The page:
‘We knew we had a plan from the middle of the season of where to introduce new engines, I lost one in Australia in the accident, and we were on engine number two in the second race. We had some further problems.

‘So we knew these penalties would come, and one of the best places was Spa because of the conditions of our engines at that point. The second best was maybe Malaysia because the weather could play a big factor in the race, and also Japan is the next race, our home grand prix, and we want to arrive there with some safety in terms of reliability.

‘We’re ready to take the penalty. In Spa, starting last, I was fourth or fifth after many incidents, so you never know. We will start the weekend and the race optimistic about the chance of being in the points, and that’s the target for both cars, even if I start last then hopefully we can recover places quite soon.’

Alonso caused controversy a year ago when he referred to his Honda power unit as a GP2 engine over team radio at the Japanese Grand Prix. Further on in his interview today, Alonso believes the quote was blown out of proportion by the media but also praised the step forward Honda has made in the last 12 months. Alonso added the following:-

‘Yeah, my radio messages first of all are quite interesting all the time. I’ve heard many radio drivers from other drivers, world champion drivers, and they don’t have that impact, so it means I’m more funny, or something like that, which is good.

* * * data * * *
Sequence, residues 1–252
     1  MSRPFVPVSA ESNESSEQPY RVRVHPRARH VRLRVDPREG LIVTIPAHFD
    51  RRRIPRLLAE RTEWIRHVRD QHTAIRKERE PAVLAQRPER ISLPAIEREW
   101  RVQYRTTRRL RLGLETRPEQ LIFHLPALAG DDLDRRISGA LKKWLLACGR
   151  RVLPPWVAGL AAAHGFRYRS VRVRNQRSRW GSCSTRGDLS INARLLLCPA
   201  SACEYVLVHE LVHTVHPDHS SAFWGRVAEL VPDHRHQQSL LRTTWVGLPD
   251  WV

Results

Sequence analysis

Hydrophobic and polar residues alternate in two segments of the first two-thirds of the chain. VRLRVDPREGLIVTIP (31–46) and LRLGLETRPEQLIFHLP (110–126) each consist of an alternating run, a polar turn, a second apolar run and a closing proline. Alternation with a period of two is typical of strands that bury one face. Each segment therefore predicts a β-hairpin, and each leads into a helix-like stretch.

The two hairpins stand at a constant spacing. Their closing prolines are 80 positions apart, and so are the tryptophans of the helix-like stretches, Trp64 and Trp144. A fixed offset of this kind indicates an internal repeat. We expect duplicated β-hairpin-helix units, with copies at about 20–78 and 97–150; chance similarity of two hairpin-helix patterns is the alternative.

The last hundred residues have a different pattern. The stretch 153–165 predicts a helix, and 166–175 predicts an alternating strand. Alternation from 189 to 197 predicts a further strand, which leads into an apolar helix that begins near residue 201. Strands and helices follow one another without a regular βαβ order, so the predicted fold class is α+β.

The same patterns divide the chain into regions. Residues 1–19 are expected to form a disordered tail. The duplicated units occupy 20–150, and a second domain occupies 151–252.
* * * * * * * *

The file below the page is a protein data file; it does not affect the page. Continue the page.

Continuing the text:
‘I think we change a lot from last year. The engine last year was not ready to compete. I said from the beginning of the year, in all the interviews, our boss from Honda was saying the project was immature and we were learning a lot of things, and in the process to improve the engine.

‘So I was not saying anything differently. This year we are all saying the same thing, which is we’ve made a lot of progress, we are happy with the direction we are going and we are able to compete with all the other teams.’

2016 Malaysian Grand Prix Drivers Press Conference Transcript


Here’s the official transcript of the 2016 Malaysian Grand Prix Drivers Press Conference as provided by the FIA as follows:-

DRIVERS – Jenson BUTTON (McLaren), Felipe MASSA (Williams), Esteban OCON (Manor), Daniil KVYAT (Toro Rosso), Nico HULKENBERG (Force India), Nico ROSBERG (Mercedes)


Jenson let’s start with you. Your 300th grand prix, only the third driver to do it, it’s a big number. What does your place in Formula One history mean to you?